There's little question that some recycled products are of low quality, but we can't just keep on creating the garbage we do. Those little plastic grocery bags are a great example of the problem we're accruing.
 
2010-12-02 12:37:49 PM  
El Chode: forteblast: Good for them, I say. Recycling most things is a huge waste of time and money.

Don't believe me, watch this.
Penn & Teller Bullshiat: Recycling

Well if one magician says it, it must be true!


0/10
Too obvious... your use of backhanded commentary is too ambiguous.
 
2010-12-02 12:38:18 PM  
forteblast: Good for them, I say. Recycling most things is a huge waste of time and money.

Don't believe me, watch this.
Penn & Teller Bullshiat: Recycling


I've often heard that recycling, while good for keeping trash out of a landfill, isn't economically feasible, etc.

Most people that recycle aren't worried about the financial aspect of it.

We've got a consolidated recycling facility nearby, the largest trash company in our area picks up all of your trash and recycles, unsorted, and removes anything and everythign that CAN be sorted.

Why would a huge company do such a thing if it ddidn't have some benefit? they didn't get huge by doing this, they were already the largest trash disposal company in the area.
 
2010-12-02 12:42:25 PM  
someguy945: Of course the city will save money regardless of how much recycling people do. Were you under the impression that if people recycle more, it would become profitable?

It operates at a loss, paid for with taxes.


I don't get your point. The notice issued by the city said something to the effect of (I have no idea what the actual numbers were but the ratio is in the right ballpark):

Cost to dispose of 1 ton of solid waste = $5
Cost to dispose of 1 ton of recyclable goods = $3

It still costs money, obviously paid for by taxes. I'm not implying it was a profitable venture, but it doesn't cost as much. At least that's what they said.
 
2010-12-02 12:44:05 PM  
BobCumbers: I think that is Jim Shortz house? That's good...

Any relation to BooBoo?
Is it wrong to have a naked lawn boy?
 
2010-12-02 12:45:59 PM  
gulogulo: some recycled

i don't know if that link provided shows the entire show or just clippets (video no work at work) but they exposed the actual paperwork of the cost of doing the business of recycling. If i remember correctly NYC taxpayers pay over 2 billion a year in their city alone.

This show isn't JUST entertainment. They go to great lengths to expose a lot of bullshiat in our society. They don't make false claims and show the evidence. They've tackled some pretty big topics and honestly i wish their show was longer so they had more time to cover those subjects.

I'm not trying to attack your position, because i think if you sat and watched the show and looked at the actual content, while they DO make their show highly entertaining, they are also straight forward and honest about what they are all about, unlike some political blowhacks who are paid by huge corporations to make listeners/viewers vote in favor of more corporate power and less consumer protection in the name of conservatism.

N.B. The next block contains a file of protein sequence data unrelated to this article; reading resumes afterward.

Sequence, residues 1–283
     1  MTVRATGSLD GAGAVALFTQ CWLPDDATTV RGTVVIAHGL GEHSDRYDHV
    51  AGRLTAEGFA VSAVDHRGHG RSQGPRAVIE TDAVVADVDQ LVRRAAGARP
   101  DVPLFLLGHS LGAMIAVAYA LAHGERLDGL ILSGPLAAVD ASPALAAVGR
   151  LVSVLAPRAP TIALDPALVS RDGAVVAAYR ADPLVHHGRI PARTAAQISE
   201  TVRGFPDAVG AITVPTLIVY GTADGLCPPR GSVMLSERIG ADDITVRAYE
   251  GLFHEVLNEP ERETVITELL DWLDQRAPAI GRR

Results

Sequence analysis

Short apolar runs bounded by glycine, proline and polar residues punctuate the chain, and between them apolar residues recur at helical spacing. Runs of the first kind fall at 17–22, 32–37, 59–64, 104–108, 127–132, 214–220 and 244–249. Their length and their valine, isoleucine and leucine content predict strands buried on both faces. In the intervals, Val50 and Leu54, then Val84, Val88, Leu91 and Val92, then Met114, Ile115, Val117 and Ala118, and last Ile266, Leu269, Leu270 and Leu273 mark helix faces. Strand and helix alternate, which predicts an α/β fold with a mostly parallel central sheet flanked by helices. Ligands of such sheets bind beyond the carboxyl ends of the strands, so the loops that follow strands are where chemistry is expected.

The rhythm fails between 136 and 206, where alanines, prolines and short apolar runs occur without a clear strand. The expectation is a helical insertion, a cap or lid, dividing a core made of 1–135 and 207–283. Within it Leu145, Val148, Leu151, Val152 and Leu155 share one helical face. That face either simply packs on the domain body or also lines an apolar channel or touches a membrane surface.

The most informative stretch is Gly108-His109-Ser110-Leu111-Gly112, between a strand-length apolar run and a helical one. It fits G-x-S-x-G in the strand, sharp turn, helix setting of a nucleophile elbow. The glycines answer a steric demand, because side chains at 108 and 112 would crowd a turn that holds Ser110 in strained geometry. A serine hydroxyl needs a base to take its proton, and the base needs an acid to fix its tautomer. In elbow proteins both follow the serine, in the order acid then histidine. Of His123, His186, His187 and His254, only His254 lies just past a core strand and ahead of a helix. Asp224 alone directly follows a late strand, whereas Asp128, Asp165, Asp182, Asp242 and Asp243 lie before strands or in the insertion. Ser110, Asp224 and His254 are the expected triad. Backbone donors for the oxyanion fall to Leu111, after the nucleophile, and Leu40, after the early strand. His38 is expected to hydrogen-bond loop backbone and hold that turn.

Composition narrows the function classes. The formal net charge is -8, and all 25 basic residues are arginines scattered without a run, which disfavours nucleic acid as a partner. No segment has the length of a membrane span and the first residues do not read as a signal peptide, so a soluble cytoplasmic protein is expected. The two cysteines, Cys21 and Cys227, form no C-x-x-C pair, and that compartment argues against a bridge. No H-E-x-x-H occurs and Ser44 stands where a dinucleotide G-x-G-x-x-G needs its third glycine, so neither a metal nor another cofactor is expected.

2010-12-02 12:47:08 PM  
Recycling is dumb. Also, even though they say otherwise, paint and oil are just fine to dispose of in the regular trash bin.
 
2010-12-02 12:47:44 PM  
They will use technology to determine who uses it? Why not look in the can to see what's in it instead of spending another $700,000 to buy brother-in-laws software.
Here, we use lo-tech sorting, prisoners work at the dump and sort trash, then they use the money to build more prisons.
 
2010-12-02 12:49:44 PM  
forteblast: Good for them, I say. Recycling most things is a huge waste of time and money.
CeroX:
derp
Penn and Teller did a good expose' on the subject and was very insightful...

In my town, recycling is a revenue stream for the town council. a big one- the waste management company pretty much pays the town's parks and playgrounds maintenance costs, thanks to my empty farking Campbell's cans.

Trash pickup, on the other hand, costs us a shiatload of money.

I would be very, very angry if the town did anything other than expand its recycling efforts because I do not need to pay more taxes to pay for the stupidly expensive trash bill. I would even pay a bag fee, since that would cost out in my favor by lowering trash bills for town.

So you and that fat gasbag Penn can take your aerial derpstrike and get farked.
 
2010-12-02 12:51:00 PM  
That stuff will all be in the landfill when we run out. Landfill mining will be the boom industry of the 2100's.
 
2010-12-02 12:51:40 PM  
in nyc and jersey you get a ticket for not recycling. you betta find something for the bin!

/dumpster baby
 
2010-12-02 12:53:50 PM  
CeroX: If i remember correctly NYC taxpayers pay over 2 billion a year in their city alone.